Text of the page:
Legal Corner: CDCR’s recievership backgroundCassie Pierson, Staff Attorney, Legal Services for Prisoners with Children
In June 2005, U.S. District Court Judge Thelton Henderson ruled that the court would establish a Receivership to take control of the delivery of medical services to prisoners incarcerated by the California Department of Corrections and Rehabilitation (CDCR). On October 3, 2005, a written decision was issued detailing the court’s specific Findings of Fact and Conclusions of Law (Plata v. Schwarzenegger, No. C01-1351-THE, U.S. District Court, Northern District of California).
What led the court to take such a drastic step? It was not just the Plata lawsuit but years of neglect by the CDCR to deliver constitutionally mandated medical care to thousands of prisoners. Judge Henderson wrote: “It is clear to the Court that this unconscionable degree of suffering and death is sure to continue if the system is not dramatically overhauled. Decades of neglecting medical care while vastly expanding the size of the prison system has led to a state of institutional paralysis. The Prison system is unable to function effectively and suffers a lack of will with respect to prisoner medical care.”
What were some of the findings that influenced the court? Here’s a partial list:
(1) An increase of over 500 percent since 1980 in the prisoner population coupled with the failure by the CDCR to reform its management structure, information technology, and health care services;
(2) A decentralized structure in the CDCR which allowed individual wardens to determine prison standards and operating procedures;
(3) Lack of qualified medical staff including administrators, doctors, and nurses;
(4) Data management (to manage appointments and track follow-up) is virtually non-existent;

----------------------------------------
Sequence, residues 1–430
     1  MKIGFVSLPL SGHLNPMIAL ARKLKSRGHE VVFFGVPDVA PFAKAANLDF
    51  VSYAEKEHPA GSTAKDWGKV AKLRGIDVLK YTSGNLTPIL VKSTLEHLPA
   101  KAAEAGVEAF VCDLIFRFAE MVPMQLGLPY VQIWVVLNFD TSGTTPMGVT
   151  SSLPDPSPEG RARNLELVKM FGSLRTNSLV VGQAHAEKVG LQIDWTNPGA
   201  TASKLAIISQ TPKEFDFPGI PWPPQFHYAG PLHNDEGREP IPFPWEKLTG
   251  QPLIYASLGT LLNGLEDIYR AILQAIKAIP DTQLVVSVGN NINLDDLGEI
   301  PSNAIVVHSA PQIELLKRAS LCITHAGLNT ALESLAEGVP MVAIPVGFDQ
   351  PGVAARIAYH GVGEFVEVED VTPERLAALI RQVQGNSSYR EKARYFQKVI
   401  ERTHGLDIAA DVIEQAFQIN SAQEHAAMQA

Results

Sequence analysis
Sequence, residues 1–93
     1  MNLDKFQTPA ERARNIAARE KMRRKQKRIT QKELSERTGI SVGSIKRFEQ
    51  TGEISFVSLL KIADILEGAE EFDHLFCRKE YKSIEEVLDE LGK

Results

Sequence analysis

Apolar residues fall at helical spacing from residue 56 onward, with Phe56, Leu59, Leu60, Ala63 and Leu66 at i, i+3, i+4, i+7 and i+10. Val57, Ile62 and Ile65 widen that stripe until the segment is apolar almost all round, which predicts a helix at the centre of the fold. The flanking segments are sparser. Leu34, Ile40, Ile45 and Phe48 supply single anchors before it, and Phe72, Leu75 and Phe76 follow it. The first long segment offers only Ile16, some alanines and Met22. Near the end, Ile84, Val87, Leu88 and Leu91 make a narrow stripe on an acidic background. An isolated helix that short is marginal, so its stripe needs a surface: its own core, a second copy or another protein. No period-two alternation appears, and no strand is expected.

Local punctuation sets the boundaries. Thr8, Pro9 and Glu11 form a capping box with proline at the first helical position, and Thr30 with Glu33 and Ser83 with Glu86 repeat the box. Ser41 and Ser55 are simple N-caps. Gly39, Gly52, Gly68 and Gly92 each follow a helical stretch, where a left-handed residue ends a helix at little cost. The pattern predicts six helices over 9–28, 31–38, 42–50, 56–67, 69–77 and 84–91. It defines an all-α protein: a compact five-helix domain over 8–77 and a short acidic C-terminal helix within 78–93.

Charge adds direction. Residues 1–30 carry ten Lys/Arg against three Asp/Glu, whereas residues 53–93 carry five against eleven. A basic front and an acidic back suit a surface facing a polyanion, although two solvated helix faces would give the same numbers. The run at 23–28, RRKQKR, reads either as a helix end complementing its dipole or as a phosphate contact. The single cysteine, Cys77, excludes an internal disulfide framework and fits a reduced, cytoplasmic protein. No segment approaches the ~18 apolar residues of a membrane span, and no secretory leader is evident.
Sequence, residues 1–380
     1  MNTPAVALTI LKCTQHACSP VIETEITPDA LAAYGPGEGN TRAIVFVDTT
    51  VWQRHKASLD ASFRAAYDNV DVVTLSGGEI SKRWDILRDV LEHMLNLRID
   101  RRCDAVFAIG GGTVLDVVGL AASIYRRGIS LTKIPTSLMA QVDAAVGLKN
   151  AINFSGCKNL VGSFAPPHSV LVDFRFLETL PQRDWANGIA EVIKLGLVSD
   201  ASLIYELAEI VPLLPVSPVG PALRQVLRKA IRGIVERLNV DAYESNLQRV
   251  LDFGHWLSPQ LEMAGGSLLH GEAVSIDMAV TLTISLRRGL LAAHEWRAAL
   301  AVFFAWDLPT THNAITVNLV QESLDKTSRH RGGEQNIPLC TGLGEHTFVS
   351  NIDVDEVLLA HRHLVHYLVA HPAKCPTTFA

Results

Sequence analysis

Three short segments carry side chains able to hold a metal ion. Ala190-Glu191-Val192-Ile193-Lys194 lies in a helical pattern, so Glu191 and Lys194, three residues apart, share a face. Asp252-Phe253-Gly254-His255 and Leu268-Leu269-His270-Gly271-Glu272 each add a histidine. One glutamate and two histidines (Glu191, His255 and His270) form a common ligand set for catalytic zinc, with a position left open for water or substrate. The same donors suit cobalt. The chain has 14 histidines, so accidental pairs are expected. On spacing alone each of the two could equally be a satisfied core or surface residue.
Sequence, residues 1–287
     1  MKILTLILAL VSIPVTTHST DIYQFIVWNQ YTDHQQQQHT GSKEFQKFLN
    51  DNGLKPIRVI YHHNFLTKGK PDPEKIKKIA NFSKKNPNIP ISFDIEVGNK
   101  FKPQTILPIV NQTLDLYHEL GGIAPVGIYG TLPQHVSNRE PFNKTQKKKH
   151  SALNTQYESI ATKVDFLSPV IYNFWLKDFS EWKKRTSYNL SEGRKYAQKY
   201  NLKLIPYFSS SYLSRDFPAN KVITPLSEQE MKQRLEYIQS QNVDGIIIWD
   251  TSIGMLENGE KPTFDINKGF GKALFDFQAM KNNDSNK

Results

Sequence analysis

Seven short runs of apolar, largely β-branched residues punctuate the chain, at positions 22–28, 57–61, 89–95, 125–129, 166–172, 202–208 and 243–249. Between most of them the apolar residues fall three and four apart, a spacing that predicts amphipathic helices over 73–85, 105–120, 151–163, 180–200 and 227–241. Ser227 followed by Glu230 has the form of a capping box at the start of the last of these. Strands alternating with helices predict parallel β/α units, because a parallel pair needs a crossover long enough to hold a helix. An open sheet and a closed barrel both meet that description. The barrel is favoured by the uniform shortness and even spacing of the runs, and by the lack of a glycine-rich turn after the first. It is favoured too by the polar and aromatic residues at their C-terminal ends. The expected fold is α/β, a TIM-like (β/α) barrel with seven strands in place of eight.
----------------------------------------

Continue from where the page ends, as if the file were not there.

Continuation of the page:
(5) Lack of medical supervision---only 5 or 6 prisons have an adequate Chief Physician and only one-third of the prisons have an adequate Health Care Manager;
(6) Failure to engage in meaningful peer review;
(7) CDCR has failed to hire regional medical directors as ordered by the court;
(8) Prisoners do not have timely access to physicians nor are their requests for medical care properly assessed by a nurse;
(9) Interference by custodial staff with medical care; and,
(10) Extremely poor management of prison pharmacy operations.
In testimony, court expert Dr. Goldenson said that inadequate medical care was the result of not only incompetence, but also gross negligence. One example is the case of a prisoner who reported a two to three week history of chills and fever and although he repeatedly visited medical staff, he was sent back to his housing unit. The prisoner eventually received a diagnosis of endocarditis, a potentially fatal heart condition treatable with antibiotics, but did not receive any medication. The prisoner was seen in the prison emergency room and despite the objections of the nurse on duty who recognized the severity of the prisoner’s condition, the doctor tried to return the prisoner to his housing unit without treatment. The prisoner was sent to the prison’s Outpatient Housing Unit for observation rather than the community hospital emergency room and he died of cardiac arrest.
The receivership will remain in place until the State assumes its legal obligation to run the CDCR in a way that provides constitutionally adequate health care to all prisoners.
Last updated December 29, 2005 11:50 PM